last time I cracked open Redshift, let's hope I have another positive experience.
"Billy the Fetus" by Al Sarrantonio
I decided to read Sarrantonio's story to get a sense of what kind of work he was hoping to receive when he sent out his call for "extreme" stories which would "expand the science fiction field." This is the first story by Sarrantonio I have ever read.
"Billy the Fetus" is a first person narrative written from the point of view of a fetus. Reflecting the limited educational opportunities available to fetuses, our protagonist Billy has deplorable grammar. ("Soon as I growed ears I heered things.") Billy's mother is promiscuous, and Billy gets the idea that the penis of one of her sex partners is a weapon that is trying to kill him. So, Billy grabs the umbilical cord in his hands (which, he tells us, still look like flippers) and tears it, then leaps out of the womb into the outside world to do battle with his supposed enemy. He grabs up a convenient revolver and shoots his mother's inamorato. When "Mammy" expresses unexpected indignation, Billy decides he's not ready for the world and returns to his mother's womb. He brings the pistol with him; he plans to use it to defend himself should anybody "come in after" him.
What can you say about such a story? It is "extreme," I'll give it that. I didn't actually laugh, but I guess it is kind of funny. Joe R. Landsdale in his introduction calls the story "brave" and its prose "magnificent." Well... OK. It's short (between 4 and 5 pages) and it is not bad, and it is definitely original, so I guess it is worth your time. It isn't an obvious pro- or anti-abortion story, which is what I had expected; somehow the joke on "Billy the Kid" didn't occur to me until I was almost finished with the brief tale.
"Ssoroghod's People" by Larry Niven
I don't really think of Larry Niven as the kind of guy who pens "extreme" stories. Niven's Ringworld, Integral Trees, Smoke Ring, and Mote In God's Eye, which he co-wrote with Jerry Pournelle, all of which I have reread as an adult over a decade after reading them in my teens, are full of interesting ideas, but I thought them average or mediocre in the style and character departments.
Niven is a prolific writer, so even though I have read lots of his work (besides the novels listed above, I read Oath of Fealty, Footfall, Legacy of Heorot, and Ptaavs in my youth) I had never heard of Draco's Tavern before. "Ssoroghod's People" is a Draco's Tavern story.
This story is about as short as "Billy the Fetus," but it is giving me a very low reading on the Extremometer. An alien who is over a million years old comes in to the tavern and tells the story of how she watched a civilization rise over the course of millenia, then destroy itself with risky manipulation of its genes. The story seems to be Niven warning humanity to not tinker with its DNA; or, if it must, to confine such experiments to isolated labs, like on the moon.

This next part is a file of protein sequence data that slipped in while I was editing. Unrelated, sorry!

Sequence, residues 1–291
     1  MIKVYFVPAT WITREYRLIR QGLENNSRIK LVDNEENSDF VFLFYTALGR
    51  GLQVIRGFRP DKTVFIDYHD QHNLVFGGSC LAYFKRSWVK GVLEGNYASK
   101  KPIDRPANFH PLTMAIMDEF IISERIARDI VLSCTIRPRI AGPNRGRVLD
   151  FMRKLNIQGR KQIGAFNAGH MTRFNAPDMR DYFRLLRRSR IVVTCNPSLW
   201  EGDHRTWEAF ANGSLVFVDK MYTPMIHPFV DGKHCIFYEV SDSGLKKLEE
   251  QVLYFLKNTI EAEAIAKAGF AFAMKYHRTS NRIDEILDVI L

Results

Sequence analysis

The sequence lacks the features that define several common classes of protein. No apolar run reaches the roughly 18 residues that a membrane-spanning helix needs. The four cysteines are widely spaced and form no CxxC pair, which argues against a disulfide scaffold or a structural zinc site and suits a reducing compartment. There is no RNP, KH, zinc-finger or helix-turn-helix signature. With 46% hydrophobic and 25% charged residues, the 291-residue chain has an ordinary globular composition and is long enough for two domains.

"Ssoroghod's People" is fine, but I have the feeling I will soon forget it.
"Road Kill" by Joe Haldeman
Joe Haldeman is the kind of guy I would expect to write an "extreme" story. Even if I'm not keen on their collectivist politics, I think Forever War is a great novel and I also really liked Mindbridge. Haldeman's style, in those novels at least, is "literary," and reflects thinking about life, psychology, society, etc. Those are also good adventure stories about going into space and dealing with aliens. Haldeman seems like the kind of guy who, in response to Sarrantonio's call, could write a story which would use surprise or shock to get me to change my way of thinking about some big issue.
"Road Kill" is a description of a movie; maybe it counts as a "treatment." (I don't really know what constitutes a treatment.) The movie in the story really does sound like one of those serial killer movies like "Seven," which is the only serial killer movie I think I've watched in its entirety. A huge fat guy murders joggers and cyclists in secluded woods, a rich guy hires a Desert Storm vet to look for the killer. The killer is a sci-fi fan and claims to be an alien shipwrecked on the Earth. We witness him torture and mutilate numerous people before he is finally brought to justice.
This story is like 6 or 7 pages, and I think the best of the three I have read today. But is it "extreme?" It doesn't seem to be expressing some point of view on some big issue. I doubt we can consider the gore extreme in the post splatterpunk era. ("Seven" and all that Hannibal Lector business was years before Redshift.) Writing the story as a movie treatment seems like a novel idea, but I think Barry Malzberg did something like that years ago, though I can't recall in what book. If the story is meant to be a criticism of gruesome Hollywood movies and/or SF fans or the view of SF held by people outside the dedicated SF community, maybe that is sort of extreme(?)
Let's rank the six stories I've read from Redshift. The stories have fallen into three groups in each of the two categories; differences within the groups are minor and perhaps illusory. The Wolfe, Disch and Haldeman stories are all approximately equally good and equally "extreme."
Is It Good? Is It Extreme?
Best What We Did.... (Koja & Malz.) What We Did... (K & M) Extreme!
Billy the Fetus (Sarrantonio)
Good Road Kill (Haldeman) Viewpoint (Wolfe)
In Xanadu (Disch) In Xanadu (Disch) Somewhat Extreme
Road Kill (Haldeman)
Avrge Ssoroghod's People (Niven)
Billy the Fetus (Sarrantonio) Ssoroghod's People (N) Not Extreme
If this sample is representative, Sarrantonio has done a good job; none of the stories was poor, and 5 out of 6 have recognizably extreme elements.
Redshift includes 30 stories; it is possible I will read more of them.